O79 Growing and Breeding Tomatoes with Fred Hempel

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Want to know how to grow tomatoes? What are the best varieties to plant? Want to learn how to breed your own? Our guest this week is farmer and tomato breeder Fred Hempel. Fred farms and breeds gourmet vegetables in Northern California. His focus is on tomatoes, peppers, squash, herbs and edible flowers. In the podcast we ask if there is such a thing as a heirloom tomato? What does a tomato breeder look for in a tomato? Why do supermarket tomatoes taste so crappy? And what happens when you turn a tomato breeding project over to an eight year old. We also talk about how to water tomatoes and prepare soil. During the podcast Fred mentions:

Dumont #4 tweezers

And two tomatoes bred by Fred that you can get seeds for:

Blush Tomato

Orange Jazz tomato

I’ve had the pleasure of tasting these tomatoes at a lecture Fred does at the Heirloom Expo in Santa Rosa and they are really amazing.

Fred’s website are: Artisan Seeds and Artisan Seeds in Facebook and Baia Nicchia Farm.

If you want to leave a question for the Root Simple Podcast please call (213) 537-2591 or send an email to [email protected]. You can subscribe to our podcast in the iTunes store and on Stitcher. The theme music is by Dr. Frankenstein. A downloadable version of this podcast is here.

Organize Those Drip Irrigation Parts!

IMG_0772Behold: an ordered toolbox full of irrigation parts. Now this could be one of those self-aggrandizing homesteady posts were it not for the fact that it took me fifteen years to organize my drip irrigation parts. I spent those previous years fishing for parts in a partially collapsed cardboard box. Take my advice: if you own a house, are an avid gardener and use some kind of timed irrigation, thou shalt organize all those parts.

Maintaining an irrigation system is, unfortunately, not a build it and leave it proposition. Inevitably, a shovel slices through a line or a surprise freeze bursts a pipe. More importantly, a garden changes over time. For instance, a drip line under a tree needs to be expanded as the tree grows or maybe that group of natives you planted has matured and no longer needs irrigation.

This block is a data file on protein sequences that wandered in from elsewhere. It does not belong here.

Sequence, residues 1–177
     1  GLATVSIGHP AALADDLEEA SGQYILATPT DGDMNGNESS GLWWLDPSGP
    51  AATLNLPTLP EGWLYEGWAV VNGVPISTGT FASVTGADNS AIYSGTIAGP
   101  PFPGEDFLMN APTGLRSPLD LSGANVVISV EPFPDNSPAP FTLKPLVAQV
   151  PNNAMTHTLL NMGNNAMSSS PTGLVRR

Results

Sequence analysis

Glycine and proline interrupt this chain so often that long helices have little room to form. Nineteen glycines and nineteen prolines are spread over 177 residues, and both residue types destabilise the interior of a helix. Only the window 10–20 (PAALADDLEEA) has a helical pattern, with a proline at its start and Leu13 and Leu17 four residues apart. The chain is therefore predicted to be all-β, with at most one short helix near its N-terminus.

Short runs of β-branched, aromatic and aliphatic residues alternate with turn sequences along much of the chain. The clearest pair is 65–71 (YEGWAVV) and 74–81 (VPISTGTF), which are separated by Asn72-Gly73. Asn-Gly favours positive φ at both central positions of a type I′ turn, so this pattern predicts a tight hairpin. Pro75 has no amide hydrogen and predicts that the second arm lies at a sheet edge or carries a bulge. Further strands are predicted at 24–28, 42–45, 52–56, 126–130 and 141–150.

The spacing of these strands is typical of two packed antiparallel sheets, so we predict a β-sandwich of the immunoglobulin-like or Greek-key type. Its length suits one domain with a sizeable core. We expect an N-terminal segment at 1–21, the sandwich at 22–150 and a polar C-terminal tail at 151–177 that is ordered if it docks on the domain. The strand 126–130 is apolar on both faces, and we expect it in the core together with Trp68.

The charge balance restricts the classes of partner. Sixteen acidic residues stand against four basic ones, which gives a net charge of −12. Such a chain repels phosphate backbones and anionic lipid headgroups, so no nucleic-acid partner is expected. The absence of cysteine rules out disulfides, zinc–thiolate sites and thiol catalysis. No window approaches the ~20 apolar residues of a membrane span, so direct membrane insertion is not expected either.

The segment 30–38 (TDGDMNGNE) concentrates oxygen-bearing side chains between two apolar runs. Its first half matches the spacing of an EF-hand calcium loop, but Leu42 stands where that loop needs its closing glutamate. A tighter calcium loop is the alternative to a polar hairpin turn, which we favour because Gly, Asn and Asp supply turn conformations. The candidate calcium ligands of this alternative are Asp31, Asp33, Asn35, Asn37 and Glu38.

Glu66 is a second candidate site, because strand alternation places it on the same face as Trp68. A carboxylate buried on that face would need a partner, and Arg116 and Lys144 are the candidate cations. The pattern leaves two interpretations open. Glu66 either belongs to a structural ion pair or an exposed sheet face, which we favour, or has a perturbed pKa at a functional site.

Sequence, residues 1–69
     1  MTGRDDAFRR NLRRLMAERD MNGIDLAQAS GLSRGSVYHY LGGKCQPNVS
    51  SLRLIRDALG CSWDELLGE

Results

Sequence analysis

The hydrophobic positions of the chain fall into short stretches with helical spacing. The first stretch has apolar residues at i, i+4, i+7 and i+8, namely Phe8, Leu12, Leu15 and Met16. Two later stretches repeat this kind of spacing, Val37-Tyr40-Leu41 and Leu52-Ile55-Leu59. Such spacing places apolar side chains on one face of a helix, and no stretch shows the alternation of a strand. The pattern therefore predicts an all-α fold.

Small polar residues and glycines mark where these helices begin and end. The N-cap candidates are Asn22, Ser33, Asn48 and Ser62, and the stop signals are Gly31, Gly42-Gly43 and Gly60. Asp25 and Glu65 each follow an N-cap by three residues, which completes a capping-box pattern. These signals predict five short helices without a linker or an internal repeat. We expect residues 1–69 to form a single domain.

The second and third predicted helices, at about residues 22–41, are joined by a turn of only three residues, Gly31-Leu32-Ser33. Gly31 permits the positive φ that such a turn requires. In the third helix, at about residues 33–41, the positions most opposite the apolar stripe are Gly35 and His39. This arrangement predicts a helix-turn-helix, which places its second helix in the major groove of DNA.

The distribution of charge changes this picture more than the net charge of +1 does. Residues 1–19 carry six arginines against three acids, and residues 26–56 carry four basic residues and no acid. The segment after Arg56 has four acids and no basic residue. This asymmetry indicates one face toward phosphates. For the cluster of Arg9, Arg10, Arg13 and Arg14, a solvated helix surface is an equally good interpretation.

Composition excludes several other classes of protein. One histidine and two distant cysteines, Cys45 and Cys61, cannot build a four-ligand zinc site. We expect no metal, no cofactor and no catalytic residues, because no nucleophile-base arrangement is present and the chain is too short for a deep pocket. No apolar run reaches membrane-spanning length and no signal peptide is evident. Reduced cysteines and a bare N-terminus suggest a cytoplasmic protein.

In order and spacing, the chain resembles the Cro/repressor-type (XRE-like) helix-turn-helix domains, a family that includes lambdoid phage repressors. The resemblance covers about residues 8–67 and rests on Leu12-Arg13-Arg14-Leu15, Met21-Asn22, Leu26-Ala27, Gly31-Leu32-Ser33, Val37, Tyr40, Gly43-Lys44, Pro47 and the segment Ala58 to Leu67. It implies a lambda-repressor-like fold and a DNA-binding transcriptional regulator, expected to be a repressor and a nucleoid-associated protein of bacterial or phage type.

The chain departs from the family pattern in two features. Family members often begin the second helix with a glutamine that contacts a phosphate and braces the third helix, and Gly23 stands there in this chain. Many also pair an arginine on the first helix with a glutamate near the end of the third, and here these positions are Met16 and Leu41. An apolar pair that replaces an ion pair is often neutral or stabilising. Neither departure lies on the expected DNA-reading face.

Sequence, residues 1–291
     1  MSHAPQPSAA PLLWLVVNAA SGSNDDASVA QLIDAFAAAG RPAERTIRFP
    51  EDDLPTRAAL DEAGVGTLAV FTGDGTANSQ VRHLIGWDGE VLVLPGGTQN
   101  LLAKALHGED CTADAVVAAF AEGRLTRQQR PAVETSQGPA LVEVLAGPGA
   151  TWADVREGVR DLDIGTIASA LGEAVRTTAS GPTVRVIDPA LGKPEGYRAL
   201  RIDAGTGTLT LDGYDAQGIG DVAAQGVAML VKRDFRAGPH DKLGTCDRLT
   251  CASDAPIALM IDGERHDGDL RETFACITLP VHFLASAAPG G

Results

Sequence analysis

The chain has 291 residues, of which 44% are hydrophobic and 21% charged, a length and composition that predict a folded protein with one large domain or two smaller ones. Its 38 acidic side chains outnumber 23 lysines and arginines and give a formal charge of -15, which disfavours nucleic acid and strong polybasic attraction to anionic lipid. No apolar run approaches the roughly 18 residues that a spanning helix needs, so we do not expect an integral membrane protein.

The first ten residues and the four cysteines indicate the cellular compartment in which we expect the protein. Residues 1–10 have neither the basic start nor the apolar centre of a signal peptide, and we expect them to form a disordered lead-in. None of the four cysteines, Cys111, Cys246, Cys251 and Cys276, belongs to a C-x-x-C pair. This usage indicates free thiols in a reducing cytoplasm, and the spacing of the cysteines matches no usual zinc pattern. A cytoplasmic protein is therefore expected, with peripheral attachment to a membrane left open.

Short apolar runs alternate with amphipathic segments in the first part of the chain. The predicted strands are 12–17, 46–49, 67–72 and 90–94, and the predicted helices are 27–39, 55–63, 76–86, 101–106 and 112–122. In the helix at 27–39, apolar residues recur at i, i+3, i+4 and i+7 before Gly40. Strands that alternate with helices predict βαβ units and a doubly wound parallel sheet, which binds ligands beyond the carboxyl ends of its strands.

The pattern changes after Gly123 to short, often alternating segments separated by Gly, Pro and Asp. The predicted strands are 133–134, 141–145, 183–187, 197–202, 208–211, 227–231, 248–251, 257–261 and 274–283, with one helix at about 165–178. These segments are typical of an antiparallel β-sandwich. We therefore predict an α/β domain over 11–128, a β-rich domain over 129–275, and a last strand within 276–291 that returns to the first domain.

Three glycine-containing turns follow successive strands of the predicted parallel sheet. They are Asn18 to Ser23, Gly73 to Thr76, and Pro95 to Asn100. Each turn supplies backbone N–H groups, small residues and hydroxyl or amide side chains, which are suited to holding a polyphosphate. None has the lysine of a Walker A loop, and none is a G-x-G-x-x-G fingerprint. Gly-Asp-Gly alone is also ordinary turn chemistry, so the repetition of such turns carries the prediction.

“All is change” as Heraclitus once said. And I’m sure that because of his philosophy of impermanence, Heraclitus carefully separated and organized his drip irrigation parts.

078 Mark Lakeman on City Repair

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Is your neighborhood not all it could be? Do people drive too fast? Does it feel lonely and anonymous? Is there no safe place for your kids to play? Mark Lakeman has some ideas for how all of us can transform the communities we live in. Hint: it starts with a potluck! Mark is the co-founder of the non-profit placemaking organization The City Repair Project, and principal of the community architecture and planning firm Communitecture. He is also an urban place-maker, permaculture designer and community design facilitator.

And if you’re on the West Coast of the US, you have a chance to participate in a series of workshops this month. For more information visit marklakeman.net. To find out about events in Los Angeles visit change-making.com.

If you want to leave a question for the Root Simple Podcast please call (213) 537-2591 or send an email to [email protected]. You can subscribe to our podcast in the iTunes store and on Stitcher. The theme music is by Dr. Frankenstein. A downloadable version of this podcast is here.

Rucola Selvatica A Foglia D’ulivo: the arugula you’ve never heard of